With 33 years’ experience in health and social care Suzan Collins believed she could ensure good care for her mother, and her family relied on her to do so. She was actually delivering training on best practice when she was first contacted with the news her mother had broken her leg at her nursing home and been transferred to hospital.
This is the story of what followed- the gradual revelation of a whole ongoing chain of bad practice and poor care that Suzan, with all her knowledge and experience of ‘the system’, could not influence.
In this highly topical book, Suzan shares her story from her personal and professional perspectives and looks ahead to how we can all contribute to keeping vulnerable people in health and social care system safe from harm.
‘I was sitting in the dining room of a care service, waiting for my NVQ candidate to finish what she was doing. Whilst waiting, I took in what was happening in this room. There was quiet talk between various people at different tables. It was happy talk. One mother was telling her daughter how happy she was living there. Another lady, with dementia, was being supported by a staff member. Another was being quietly helped into her wheelchair and leaving the room. Staff spoke at a level that the individual could hear. I was good at picking up on body language and at that moment I could say that the individuals, staff and the relatives – everyone in that room at that particular time – were happy to be at the home and happy with the home.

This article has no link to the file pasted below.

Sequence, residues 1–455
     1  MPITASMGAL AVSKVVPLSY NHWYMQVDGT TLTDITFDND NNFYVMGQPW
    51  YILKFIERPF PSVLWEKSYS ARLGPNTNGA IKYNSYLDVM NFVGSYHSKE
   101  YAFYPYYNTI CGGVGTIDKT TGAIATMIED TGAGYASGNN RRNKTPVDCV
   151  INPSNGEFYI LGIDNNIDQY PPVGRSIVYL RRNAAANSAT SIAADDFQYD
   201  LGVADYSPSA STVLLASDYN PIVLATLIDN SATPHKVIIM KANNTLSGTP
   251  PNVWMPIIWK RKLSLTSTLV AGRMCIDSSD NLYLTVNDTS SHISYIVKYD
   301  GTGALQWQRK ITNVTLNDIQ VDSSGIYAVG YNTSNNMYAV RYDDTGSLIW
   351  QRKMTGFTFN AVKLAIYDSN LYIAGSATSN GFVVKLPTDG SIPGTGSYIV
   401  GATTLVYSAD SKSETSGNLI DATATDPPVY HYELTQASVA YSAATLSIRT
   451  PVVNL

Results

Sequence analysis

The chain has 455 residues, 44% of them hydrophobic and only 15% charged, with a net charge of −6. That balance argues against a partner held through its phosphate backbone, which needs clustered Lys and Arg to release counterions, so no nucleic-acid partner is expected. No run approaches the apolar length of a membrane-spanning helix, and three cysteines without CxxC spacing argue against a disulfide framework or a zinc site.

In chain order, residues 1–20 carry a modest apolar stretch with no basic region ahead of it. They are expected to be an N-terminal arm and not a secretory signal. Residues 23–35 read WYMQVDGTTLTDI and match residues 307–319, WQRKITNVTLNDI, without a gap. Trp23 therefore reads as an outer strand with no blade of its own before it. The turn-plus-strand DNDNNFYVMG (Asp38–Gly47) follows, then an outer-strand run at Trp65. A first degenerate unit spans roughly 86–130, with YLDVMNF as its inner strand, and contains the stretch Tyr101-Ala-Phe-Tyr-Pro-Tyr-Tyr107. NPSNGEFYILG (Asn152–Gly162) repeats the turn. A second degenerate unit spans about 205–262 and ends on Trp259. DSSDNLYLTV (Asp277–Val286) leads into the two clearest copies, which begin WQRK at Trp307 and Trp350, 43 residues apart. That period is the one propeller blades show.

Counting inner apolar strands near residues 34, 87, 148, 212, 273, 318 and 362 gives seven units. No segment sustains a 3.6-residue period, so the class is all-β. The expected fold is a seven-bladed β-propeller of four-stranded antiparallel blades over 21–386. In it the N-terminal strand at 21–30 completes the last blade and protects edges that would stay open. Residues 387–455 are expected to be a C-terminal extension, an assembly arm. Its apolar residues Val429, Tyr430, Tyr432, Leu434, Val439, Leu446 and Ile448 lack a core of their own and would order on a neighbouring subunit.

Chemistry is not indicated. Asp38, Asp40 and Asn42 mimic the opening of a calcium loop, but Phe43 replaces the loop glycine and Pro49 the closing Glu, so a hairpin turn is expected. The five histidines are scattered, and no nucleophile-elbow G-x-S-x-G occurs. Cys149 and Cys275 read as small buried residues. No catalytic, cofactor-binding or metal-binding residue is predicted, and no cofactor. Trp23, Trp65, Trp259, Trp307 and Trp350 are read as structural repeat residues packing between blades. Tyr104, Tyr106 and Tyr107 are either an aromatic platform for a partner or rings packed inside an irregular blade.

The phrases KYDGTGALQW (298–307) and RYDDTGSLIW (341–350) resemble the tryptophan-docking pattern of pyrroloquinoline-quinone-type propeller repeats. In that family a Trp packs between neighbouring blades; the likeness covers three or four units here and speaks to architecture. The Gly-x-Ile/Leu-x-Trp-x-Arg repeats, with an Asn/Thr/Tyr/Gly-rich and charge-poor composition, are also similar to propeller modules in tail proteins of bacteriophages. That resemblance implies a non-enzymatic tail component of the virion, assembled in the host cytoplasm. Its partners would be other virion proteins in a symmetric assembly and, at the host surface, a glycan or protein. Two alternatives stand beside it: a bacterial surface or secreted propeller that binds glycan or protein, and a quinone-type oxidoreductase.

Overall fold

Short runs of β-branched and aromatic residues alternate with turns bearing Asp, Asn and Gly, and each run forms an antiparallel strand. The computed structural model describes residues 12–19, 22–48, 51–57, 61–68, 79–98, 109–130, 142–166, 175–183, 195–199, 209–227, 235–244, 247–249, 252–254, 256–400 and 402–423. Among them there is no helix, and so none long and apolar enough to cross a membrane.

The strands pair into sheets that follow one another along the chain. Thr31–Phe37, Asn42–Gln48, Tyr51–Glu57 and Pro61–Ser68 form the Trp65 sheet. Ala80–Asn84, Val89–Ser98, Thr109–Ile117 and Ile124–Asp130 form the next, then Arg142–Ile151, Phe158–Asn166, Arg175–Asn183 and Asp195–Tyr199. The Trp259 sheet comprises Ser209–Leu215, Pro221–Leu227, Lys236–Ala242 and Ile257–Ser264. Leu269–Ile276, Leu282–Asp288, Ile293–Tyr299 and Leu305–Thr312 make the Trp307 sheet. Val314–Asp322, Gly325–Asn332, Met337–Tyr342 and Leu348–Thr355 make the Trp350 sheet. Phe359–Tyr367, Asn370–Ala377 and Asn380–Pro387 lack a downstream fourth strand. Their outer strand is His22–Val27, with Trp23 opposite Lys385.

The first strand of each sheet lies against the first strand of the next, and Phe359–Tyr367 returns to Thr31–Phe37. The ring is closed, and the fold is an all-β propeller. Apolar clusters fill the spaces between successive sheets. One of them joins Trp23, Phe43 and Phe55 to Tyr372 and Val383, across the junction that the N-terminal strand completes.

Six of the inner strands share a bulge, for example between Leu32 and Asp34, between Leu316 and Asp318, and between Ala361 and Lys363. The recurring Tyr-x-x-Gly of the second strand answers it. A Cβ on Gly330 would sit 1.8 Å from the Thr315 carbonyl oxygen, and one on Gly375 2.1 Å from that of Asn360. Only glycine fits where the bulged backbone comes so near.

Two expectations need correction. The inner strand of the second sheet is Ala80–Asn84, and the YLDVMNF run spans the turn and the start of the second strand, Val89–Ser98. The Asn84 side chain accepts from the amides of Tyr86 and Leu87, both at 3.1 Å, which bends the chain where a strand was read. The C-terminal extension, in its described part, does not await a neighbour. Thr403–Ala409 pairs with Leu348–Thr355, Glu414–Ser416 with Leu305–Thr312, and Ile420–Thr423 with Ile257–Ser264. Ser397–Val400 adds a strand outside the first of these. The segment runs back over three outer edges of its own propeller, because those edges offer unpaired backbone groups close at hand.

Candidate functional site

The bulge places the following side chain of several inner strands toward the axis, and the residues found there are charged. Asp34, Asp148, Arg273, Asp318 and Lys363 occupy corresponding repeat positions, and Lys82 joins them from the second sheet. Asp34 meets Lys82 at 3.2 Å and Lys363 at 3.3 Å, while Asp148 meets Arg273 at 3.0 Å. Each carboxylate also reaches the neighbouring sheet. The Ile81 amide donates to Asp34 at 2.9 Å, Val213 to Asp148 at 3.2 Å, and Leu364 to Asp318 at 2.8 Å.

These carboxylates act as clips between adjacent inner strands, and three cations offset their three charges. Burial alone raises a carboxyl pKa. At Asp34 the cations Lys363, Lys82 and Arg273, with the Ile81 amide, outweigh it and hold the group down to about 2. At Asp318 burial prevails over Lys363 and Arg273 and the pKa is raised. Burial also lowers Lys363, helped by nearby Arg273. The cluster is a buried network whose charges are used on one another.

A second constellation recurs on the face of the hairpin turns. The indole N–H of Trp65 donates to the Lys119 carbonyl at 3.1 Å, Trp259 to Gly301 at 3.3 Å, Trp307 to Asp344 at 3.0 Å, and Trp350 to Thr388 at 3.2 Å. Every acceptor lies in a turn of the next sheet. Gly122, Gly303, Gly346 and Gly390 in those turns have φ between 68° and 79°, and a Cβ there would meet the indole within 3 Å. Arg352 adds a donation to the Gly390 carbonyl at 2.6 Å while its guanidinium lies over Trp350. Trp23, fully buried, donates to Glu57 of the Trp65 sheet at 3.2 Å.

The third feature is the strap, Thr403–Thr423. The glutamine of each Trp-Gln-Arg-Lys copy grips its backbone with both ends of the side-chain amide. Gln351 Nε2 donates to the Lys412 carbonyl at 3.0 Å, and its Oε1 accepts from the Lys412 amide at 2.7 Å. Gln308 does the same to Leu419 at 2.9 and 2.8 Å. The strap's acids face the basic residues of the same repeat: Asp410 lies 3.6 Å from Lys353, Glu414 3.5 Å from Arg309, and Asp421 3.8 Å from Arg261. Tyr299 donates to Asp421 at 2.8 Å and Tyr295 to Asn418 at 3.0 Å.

Three days later I was back at this home to see a different candidate. He told me how he had supported a lady that morning with end-of-life care. Those words hit me hard and it took me back to the poor end-of-life care my mother had received when she was dying.
The candidate told me he ‘felt privileged’ to give personal care to a lady who was confined to bed and leaving this world. Why, oh why, could Mum not have had someone like him to help her when she was dying in hospital? I swallowed hard and told him how lovely that was. He took it in his stride; he didn’t realise how good he was at his job and how much the people he supported valued him.’
Beyond My Control tells the story of my mother’s ordeal and the efforts I and my family made to put things right. It is also intended to show what good practices are, and what to do when things go wrong. Suzan has provided practical advice at the end of many of the chapters and in an appendix at the end of the book to show what you, the reader, can do to stop something this bad happening to you.
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